Āryadeva's Lamp that Integrates the Practices (Caryāmelāpakapradīpa): The Gradual Path of Vajrayāna Buddhism According to the Esoteric Community Noble Tradition

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Christian K. Wedemeyer
American Institute of Buddhist Studies at Columbia University, 2007 - Philosophy - 826 pages
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The Lamp that Integrates the Practices is a systematic and comprehensive exposition of the most advanced yogas of the Esoteric Community (Guhyasamaja) Tantra as espoused by the Noble Tradition, an influential school of interpretation within the Mahayoga traditions of Indian Buddhist esoterism. Equal in authority to Nagarjuna's famous Five Stages (Pańcakrama), Aryadeva's work is perhaps the earliest prose example of the "stages of the mantra path" genre in Sanskrit. Its studied gradualism exerted immense influence on later Indian and Tibetan tradition, and it is widely cited by masters from all four major lineages of Tibetan Buddhism.

This volume presents the Lamp in a tri-lingual format: its Sanskrit original critically-edited from recently-identified manuscripts, a critical edition of the eleventh-century Tibetan translation by Rin-chen Bzang-po (including notes on readings found in "lost," alternative translations), and a thoroughly-annotated English translation.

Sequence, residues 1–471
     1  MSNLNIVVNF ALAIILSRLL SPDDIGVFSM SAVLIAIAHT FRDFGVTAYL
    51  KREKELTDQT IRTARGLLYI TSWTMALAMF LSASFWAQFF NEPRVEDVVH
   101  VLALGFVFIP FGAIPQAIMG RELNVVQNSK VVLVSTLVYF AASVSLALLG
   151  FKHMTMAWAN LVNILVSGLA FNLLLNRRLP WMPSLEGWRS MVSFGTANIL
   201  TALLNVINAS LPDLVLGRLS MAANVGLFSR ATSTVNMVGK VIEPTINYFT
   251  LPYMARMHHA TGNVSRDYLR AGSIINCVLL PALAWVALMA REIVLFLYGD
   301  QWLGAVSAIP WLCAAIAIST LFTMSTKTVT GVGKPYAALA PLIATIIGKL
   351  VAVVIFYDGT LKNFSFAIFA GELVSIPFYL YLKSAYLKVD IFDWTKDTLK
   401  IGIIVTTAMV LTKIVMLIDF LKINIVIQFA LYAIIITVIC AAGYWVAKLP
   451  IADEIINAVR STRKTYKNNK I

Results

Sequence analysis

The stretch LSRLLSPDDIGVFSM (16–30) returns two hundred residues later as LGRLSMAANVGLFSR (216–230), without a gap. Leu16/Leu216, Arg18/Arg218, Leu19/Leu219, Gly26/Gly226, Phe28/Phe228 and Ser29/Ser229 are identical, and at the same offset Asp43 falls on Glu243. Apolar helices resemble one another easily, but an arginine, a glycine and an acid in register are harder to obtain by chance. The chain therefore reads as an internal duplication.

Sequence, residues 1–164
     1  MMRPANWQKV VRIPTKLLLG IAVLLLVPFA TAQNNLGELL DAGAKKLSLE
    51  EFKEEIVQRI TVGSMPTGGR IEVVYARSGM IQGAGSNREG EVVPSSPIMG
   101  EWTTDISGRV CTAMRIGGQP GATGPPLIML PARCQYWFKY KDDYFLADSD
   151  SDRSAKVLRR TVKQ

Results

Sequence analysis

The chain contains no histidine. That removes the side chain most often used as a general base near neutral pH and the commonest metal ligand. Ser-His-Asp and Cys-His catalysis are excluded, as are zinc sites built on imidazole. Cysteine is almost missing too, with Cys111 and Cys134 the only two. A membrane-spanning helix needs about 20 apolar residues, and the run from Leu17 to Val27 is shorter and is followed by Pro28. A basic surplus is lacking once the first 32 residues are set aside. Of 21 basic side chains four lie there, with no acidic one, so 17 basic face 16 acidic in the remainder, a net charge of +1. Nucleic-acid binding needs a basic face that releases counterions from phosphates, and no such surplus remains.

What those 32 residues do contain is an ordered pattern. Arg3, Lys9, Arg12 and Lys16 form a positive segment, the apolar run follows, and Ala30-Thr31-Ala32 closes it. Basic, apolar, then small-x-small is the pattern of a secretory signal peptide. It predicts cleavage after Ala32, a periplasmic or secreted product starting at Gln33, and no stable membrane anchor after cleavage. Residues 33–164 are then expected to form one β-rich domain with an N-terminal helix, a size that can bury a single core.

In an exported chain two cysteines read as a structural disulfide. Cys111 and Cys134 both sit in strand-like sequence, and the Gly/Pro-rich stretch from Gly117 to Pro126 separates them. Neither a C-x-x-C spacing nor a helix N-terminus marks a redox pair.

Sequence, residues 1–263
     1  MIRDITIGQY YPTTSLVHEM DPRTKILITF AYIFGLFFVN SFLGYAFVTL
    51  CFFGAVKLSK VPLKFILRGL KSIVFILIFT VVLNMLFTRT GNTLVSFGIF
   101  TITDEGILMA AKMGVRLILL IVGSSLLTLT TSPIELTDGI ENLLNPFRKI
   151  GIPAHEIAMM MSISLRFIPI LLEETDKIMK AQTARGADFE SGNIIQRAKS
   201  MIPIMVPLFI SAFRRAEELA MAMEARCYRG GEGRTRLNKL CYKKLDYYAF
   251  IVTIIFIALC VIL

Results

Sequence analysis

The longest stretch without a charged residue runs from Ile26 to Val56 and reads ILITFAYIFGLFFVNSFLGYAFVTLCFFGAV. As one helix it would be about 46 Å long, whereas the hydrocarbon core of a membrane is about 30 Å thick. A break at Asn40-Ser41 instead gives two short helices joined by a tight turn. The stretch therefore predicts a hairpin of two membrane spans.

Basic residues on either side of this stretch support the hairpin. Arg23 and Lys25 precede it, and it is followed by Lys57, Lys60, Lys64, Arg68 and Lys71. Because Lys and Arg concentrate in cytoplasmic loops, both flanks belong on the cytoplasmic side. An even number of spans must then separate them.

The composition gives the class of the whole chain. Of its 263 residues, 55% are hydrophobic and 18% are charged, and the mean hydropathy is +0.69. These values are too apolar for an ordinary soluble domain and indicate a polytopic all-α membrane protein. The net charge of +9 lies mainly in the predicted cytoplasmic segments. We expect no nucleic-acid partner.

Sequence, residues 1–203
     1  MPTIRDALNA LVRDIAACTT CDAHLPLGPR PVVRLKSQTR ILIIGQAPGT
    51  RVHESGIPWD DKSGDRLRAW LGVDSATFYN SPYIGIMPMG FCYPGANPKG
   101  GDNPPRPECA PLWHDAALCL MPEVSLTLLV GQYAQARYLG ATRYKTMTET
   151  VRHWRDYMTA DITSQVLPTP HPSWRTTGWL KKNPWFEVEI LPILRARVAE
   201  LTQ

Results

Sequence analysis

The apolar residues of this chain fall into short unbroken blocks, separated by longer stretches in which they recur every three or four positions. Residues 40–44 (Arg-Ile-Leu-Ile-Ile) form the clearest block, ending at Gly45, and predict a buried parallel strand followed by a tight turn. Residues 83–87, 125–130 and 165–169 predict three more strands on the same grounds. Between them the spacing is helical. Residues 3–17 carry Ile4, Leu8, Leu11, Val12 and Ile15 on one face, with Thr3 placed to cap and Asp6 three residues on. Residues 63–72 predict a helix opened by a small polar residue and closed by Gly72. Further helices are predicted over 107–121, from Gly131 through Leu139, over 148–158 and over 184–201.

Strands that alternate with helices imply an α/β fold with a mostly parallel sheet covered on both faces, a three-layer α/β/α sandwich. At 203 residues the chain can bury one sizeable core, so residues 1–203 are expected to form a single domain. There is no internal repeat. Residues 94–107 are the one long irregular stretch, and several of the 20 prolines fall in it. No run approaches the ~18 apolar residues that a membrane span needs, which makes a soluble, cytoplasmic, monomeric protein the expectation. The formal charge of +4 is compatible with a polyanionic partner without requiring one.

Includes an introductory study discussing the history of the Guhyasamaja and its exegetical traditions, surveying the scriptural and commentarial sources of the Noble Tradition, and analyzing in detail the contents of the Lamp. Features a detailed, tri-lingual glossary.

Published by American Institute of Buddhist Studies (AIBS)

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The Lamp that Integrates the Practices and its Subject Matter

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About the author (2007)

Christian K. Wedemeyer is assistant professor of the history of religions at the University of Chicago Divinity School.

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